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Pre-election interview with BBC Derby’s Devon Daley

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Scottish scare stories

Funny. Labour is on the ropes, apparently, forced at every turn to deny that it would join in coalition with the SNP. It’s mischievous political reporting in my opinion, but the messaging used by the Tories in their briefings betrays an unease with the UK. Or, rather, with Scotland. The message appears to be, “Don’t ally with those people who want to tear this country apart”. So, when it’s not immigrants or the poor who are the outsiders of the day, it’s the Scots, whose democratic choices are seen as some sort of subversive plot to undermine the country. The SNP has more of a mandate than UKIP, who are deferred to as the self-appointed voice of England. Little England. A miserly, miserable, nostalgic England of moral pygmies. But hey.

The real, sobering fact shouldn’t be the prospect of a left-wing coalition, but that so many Scots feel ambivalent at best, hostile at worst, towards the UK. That so many feel that they would have nothing to lose and all to gain through independence. And is it any wonder, when the prospect of a coalition with a party that’s not in England stirs up this undercurrent of hostility, this sense that the Scots are outsiders here to rip up “our” UK? Why not build a country which offers a fair deal and a positive vision to all of its constituent parts?

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On guilt and grasping

I’ve been thinking about Emily Thornberry’s tweet all weekend. OK, maybe not all weekend. I got my first taster of gin cocktails on Friday night at the Star at Night in Soho, and I had two of my favourite cocktails at London Cocktail Club on Saturday night – the Pornstar Martini (a passionfruit delight that comes with a shot of prosecco) and the Heisenberg (tequila-based homage to Breaking Bad that comes with a knowing sachet of blue coloured salt)….ok, I’m back- where was I?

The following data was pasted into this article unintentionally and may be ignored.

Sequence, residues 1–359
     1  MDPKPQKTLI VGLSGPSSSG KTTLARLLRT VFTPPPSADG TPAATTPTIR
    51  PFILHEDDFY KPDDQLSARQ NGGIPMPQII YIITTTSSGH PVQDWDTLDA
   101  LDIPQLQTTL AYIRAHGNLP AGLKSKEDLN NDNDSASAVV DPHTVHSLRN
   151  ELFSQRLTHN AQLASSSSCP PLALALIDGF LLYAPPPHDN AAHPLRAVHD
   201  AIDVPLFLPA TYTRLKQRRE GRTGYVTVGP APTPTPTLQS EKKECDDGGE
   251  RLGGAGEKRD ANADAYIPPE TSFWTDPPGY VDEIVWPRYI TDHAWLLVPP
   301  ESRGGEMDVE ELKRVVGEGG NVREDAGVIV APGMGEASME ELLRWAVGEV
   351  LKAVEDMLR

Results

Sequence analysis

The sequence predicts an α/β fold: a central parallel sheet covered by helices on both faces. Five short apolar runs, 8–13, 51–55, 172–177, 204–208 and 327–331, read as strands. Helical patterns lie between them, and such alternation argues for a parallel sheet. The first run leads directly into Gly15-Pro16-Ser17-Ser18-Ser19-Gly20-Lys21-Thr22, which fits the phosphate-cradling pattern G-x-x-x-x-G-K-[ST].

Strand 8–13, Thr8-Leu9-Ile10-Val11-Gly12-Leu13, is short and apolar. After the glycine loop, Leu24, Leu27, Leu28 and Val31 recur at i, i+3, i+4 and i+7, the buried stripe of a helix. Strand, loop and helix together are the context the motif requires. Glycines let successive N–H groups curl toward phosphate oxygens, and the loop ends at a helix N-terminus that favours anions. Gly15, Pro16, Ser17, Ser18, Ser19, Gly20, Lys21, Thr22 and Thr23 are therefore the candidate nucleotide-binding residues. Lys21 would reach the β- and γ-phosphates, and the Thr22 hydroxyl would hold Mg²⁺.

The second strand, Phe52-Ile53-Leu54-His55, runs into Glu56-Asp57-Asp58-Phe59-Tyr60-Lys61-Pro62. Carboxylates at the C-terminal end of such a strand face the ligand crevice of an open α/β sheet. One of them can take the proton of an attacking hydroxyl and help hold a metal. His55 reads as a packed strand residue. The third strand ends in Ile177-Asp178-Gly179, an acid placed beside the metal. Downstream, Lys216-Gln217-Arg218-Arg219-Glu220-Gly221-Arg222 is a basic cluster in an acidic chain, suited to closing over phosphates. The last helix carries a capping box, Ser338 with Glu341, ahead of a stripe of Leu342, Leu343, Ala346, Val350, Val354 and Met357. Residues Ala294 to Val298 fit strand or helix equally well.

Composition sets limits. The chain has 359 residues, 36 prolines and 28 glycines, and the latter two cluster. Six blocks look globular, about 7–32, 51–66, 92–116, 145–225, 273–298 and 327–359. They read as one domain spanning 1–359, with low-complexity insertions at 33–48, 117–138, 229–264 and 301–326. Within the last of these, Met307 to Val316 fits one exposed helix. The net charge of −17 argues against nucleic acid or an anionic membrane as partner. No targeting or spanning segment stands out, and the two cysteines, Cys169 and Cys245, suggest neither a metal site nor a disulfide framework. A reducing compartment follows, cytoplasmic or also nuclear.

Yes, so when I wasn’t drinking, or recovering from the latter, I was thinking about Emily Thornberry’s tweet and the reactions to it. She posted, without comment, a picture of a terraced house  festooned with England flags and with a white van outside. The fact that she did shows that it was almost as if she was in a foreign country, far away from Islington. It shouldn’t be so. But she didn’t mock it.

However, the Labour party’s scramble to compensate for her perceived lack of tact and out-of-touchness with the working class strikes me as a bit of an overreaction that betrays their own anxiety and guilt about not standing up for working class people. What she did was embarassing, but the cover-up is usually worse than the crime. That holds true in this case. Ed Miliband, who can’t (won’t) even back the care workers in his constituency battling for a living wage condemned Thornberry (I’m outraged! etc)  and then went on a grovelling campaign.

If Labour really wants to respect people like White Van Man (who is fast becoming our Joe the Plumber equivalent) it would push back on austerity rather than accepting it wholesale, and work on lifting people out of poverty wages that were topped up with tax credits. It would challenge  UKIP. I mean properly challenge UKIP by dealing with people’s legitimate concerns but without pandering to bigotry.